What the Ruling Means to the Industry
His ruling will be welcomed by many in the software industry, who feared a decision in Oracle's favor would set a worrying precedent that software APIs can be protected by copyright.
Such a finding would have stifled innovation, according to some. For example, companies have cloned the APIs used by Amazon Web Services in order to build interoperable cloud software platforms. Those companies might have hesitated before developing such products if a court had explicitly stated that APIs are eligible for protection.
"If Oracle wins, the decision could set a legal precedent that legitimizes controlling behaviors by platform vendors -- and introduces a complex and unwelcome legalism into software development," Simon Phipps, a former Sun executive who managed the company's open-source projects, wrote in a column for Infoworld before the trial began.
Google echoed that position in a statement Thursday. "The court's decision upholds the principle that open and interoperable computer languages form an essential basis for software development. It's a good day for collaboration and innovation."
In its statement, Oracle essentially argued the opposite. "This ruling, if permitted to stand, would undermine the protection for innovation and invention in the United States and make it far more difficult to defend intellectual property rights against companies anywhere in the world that simply takes them as their own," Oracle said.
Naughton made a similar argument in a blog post earlier this week.
"Open source licensing of APIs or code works precisely because copyright applies to the API or code and allows the copyright owner to impose the terms and conditions of the open source license," Naughton wrote.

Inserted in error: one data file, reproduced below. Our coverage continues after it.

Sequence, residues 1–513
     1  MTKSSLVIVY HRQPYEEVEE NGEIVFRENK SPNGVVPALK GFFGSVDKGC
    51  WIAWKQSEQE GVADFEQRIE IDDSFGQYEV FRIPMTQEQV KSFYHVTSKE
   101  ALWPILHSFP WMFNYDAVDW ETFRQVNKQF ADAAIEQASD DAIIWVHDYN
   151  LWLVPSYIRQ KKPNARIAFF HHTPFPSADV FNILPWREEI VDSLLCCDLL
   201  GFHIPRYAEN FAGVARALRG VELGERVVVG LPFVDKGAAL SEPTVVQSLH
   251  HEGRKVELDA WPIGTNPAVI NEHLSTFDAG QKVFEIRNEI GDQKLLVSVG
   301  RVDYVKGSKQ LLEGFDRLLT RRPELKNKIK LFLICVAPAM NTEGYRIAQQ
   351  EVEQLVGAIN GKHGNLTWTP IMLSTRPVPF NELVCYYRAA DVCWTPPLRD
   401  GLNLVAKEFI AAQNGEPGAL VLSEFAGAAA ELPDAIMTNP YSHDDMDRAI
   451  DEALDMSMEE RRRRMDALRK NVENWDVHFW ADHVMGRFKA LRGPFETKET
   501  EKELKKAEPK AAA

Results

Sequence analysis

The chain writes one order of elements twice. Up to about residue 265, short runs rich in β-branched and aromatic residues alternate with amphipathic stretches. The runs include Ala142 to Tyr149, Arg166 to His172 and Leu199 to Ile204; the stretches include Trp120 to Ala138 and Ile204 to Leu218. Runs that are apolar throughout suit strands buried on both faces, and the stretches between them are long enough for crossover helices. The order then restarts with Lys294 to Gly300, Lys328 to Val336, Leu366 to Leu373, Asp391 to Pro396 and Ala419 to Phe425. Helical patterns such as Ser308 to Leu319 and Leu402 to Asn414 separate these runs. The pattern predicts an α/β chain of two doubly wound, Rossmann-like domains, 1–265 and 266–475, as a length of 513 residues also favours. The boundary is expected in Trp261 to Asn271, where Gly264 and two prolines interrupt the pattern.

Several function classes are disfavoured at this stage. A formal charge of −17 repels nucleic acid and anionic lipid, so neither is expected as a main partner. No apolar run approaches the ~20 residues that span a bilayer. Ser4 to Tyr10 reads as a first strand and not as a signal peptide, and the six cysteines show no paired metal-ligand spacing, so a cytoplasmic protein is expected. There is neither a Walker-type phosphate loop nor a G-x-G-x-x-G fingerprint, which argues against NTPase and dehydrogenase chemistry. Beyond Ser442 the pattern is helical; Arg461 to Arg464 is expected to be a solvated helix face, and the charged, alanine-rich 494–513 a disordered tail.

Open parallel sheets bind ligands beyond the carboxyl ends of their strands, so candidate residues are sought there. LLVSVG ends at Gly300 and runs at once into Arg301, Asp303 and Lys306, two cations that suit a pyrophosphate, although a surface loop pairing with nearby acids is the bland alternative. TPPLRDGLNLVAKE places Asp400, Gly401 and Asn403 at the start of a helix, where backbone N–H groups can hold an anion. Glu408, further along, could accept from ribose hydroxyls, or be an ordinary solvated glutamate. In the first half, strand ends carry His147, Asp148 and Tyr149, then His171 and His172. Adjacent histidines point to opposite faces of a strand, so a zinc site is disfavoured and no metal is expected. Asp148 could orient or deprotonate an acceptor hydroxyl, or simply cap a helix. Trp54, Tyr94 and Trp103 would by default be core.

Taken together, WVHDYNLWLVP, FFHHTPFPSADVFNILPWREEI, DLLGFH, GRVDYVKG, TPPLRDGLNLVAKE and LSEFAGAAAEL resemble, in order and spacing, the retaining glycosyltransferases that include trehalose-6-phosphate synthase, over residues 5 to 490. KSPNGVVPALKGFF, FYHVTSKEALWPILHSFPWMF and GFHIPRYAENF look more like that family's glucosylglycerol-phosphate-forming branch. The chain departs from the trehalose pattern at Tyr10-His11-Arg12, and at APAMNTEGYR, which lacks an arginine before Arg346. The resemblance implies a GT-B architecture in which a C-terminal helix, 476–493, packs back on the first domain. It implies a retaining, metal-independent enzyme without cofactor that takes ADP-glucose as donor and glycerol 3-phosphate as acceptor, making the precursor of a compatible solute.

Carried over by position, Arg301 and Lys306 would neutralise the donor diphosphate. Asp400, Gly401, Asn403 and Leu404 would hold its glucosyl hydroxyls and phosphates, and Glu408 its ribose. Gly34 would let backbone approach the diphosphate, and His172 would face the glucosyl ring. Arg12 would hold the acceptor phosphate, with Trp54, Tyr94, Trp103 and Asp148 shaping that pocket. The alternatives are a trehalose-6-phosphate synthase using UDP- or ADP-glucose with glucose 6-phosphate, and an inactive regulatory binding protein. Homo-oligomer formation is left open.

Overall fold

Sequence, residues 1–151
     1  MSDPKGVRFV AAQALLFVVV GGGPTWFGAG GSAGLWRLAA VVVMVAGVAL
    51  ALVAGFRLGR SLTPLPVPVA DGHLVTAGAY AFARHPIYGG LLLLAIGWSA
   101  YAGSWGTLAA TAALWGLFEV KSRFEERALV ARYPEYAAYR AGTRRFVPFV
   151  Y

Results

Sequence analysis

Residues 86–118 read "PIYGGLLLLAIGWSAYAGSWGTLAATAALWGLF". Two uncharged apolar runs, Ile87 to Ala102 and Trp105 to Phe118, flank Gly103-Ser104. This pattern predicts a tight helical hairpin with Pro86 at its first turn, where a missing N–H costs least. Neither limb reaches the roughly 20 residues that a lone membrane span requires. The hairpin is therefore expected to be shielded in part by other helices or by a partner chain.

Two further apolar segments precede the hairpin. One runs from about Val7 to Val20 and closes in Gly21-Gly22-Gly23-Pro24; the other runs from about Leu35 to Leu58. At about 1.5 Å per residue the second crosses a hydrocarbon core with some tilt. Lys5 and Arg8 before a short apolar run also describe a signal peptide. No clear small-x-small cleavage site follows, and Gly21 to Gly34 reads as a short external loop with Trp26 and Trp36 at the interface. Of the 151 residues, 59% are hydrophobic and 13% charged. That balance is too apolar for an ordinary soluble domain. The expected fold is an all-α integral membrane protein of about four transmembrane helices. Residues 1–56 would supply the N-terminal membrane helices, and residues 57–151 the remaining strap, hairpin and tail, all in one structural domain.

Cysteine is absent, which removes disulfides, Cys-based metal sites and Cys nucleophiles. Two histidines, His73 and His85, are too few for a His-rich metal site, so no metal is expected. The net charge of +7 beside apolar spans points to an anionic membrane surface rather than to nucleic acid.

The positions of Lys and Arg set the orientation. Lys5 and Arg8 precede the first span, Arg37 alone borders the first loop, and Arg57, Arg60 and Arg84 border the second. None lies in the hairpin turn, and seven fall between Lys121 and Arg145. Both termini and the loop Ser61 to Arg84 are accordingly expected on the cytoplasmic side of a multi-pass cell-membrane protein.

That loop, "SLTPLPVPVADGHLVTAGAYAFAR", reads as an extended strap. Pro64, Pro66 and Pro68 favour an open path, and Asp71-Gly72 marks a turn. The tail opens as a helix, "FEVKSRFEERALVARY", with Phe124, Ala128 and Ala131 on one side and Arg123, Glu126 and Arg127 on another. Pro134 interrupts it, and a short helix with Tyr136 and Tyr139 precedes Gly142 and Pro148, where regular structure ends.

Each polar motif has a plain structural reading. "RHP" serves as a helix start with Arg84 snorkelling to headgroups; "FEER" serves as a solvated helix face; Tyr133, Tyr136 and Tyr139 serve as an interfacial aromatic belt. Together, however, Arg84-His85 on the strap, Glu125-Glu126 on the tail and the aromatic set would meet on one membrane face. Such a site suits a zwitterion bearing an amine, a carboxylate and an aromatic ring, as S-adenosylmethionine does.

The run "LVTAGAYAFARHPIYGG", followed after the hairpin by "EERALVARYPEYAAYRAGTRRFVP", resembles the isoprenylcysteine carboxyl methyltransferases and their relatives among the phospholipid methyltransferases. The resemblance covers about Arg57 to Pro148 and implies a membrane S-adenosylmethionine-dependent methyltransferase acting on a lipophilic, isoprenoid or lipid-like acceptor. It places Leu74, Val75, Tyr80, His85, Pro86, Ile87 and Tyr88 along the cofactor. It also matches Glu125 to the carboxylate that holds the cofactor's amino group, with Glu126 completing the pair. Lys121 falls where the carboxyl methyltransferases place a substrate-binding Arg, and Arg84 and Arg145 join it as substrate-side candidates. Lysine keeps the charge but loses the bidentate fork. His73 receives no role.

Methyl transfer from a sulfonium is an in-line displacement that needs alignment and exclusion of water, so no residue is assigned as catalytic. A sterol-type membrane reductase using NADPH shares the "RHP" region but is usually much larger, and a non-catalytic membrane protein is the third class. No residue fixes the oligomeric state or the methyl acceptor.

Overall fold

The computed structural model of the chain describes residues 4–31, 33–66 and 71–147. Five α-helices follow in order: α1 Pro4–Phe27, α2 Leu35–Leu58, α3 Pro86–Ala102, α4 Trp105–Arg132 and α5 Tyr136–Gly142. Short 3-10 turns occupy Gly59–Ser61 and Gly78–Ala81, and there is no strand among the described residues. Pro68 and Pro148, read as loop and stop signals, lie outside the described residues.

There is no U.S. law that precisely addresses the question of whether Oracle's Java APIs can be copyrighted, Alsup said in his order. "No law is directly on point. This order relies on general principles of copyright law announced by Congress, the Supreme Court and the Ninth Circuit."
His order applies to the 37 Java APIs at issue in the legal battle between Oracle and Google, he wrote. Still, the reasoning Alsup lays out about the functional nature of APIs could influence future cases involving different software platforms.
"Any decision in any case is specific to the case at hand, the judge would only be ruling on these particular APIs. But that is still a precedent," said Tyler Ochoa, a copyright professor at Santa Clara University School of Law, in an interview before Alsup's order was released.
Ochoa has said he did not think the structure, sequence and organization of Oracle's Java APIs merited protection by copyright, and he said that "existing case law suggests something along those lines."
Whatever Alsup decided, an appeal seemed inevitable. Oracle will now take its case to a higher court to see if it agrees with his order.
Updated 5/31/12 at 5 p.m.